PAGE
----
Study reveals the relationship between late dinner and obesity

Study reveals the relationship between late dinner and obesity

Study reveals the relationship between late dinner and obesity
Study reveals the relationship between late dinner and obesity


A new study revealed that eating dinner late at night increases the level of hunger, reduces calorie burn, and causes changes in adipose tissue, which thus contributes to an increased risk of obesity.

During the study, researchers from Boston Women's Hospital said they strictly controlled nutrient intake, physical activity, sleep and exposure to light among the participants.

They found that eating dinner late makes a big difference in hunger levels, the way the body burns calories after eating and the way body fat is stored.

We wanted to test mechanisms that might explain why late eating increases obesity risk, Frank EL Scheer, senior author of the study, said in a press release.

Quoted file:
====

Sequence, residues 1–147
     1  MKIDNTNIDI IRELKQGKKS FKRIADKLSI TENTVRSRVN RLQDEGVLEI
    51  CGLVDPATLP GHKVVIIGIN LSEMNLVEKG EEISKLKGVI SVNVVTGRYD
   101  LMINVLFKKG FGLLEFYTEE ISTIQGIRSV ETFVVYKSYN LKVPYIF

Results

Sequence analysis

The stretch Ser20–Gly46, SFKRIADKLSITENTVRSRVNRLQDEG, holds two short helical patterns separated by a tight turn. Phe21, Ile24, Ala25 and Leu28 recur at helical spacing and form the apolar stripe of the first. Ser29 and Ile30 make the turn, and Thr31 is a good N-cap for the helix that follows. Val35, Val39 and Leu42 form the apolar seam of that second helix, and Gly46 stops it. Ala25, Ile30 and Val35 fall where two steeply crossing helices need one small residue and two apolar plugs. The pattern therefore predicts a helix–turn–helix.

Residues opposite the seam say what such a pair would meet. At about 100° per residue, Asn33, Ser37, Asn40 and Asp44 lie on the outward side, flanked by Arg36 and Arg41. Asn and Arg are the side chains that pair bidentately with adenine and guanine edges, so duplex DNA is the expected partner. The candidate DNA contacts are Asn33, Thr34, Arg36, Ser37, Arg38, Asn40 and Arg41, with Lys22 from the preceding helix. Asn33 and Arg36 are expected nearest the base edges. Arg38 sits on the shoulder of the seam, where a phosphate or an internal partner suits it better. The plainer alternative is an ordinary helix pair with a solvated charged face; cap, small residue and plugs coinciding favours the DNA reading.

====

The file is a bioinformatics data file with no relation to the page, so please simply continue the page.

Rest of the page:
Previous research has shown that late eating is associated with increased risks of obesity, increased body fat, and poorer success in weight loss, Scheer added.

The researchers pointed out that obesity is a global epidemic that affects an estimated 650 million adults.

The research team studied 16 patients, and each participant completed two dietary protocols, one with an early meal schedule and the other with a late meal schedule.

In the few weeks leading up to the protocols, the participants maintained consistent sleep-wake schedules, and in the last three days before entering the lab, they strictly followed an identical diet and meal schedules at home, the statement from the researchers said.

During the research, they regularly documented their hunger and appetite, gave frequent small blood samples throughout the day, and measured body temperature and energy expenditure.

The researchers collected adipose tissue biopsies from participants in both early and late eating protocols.

They found that eating late significantly affected hunger and appetite-regulating hormones.

When participants ate later, they burned calories at a slower rate and showed an increase in fat formation and a decrease in fat breakdown, the statement said.

The researchers pointed out that their findings are consistent with a large body of research that suggests that eating at a later time may increase a person's risk of obesity.


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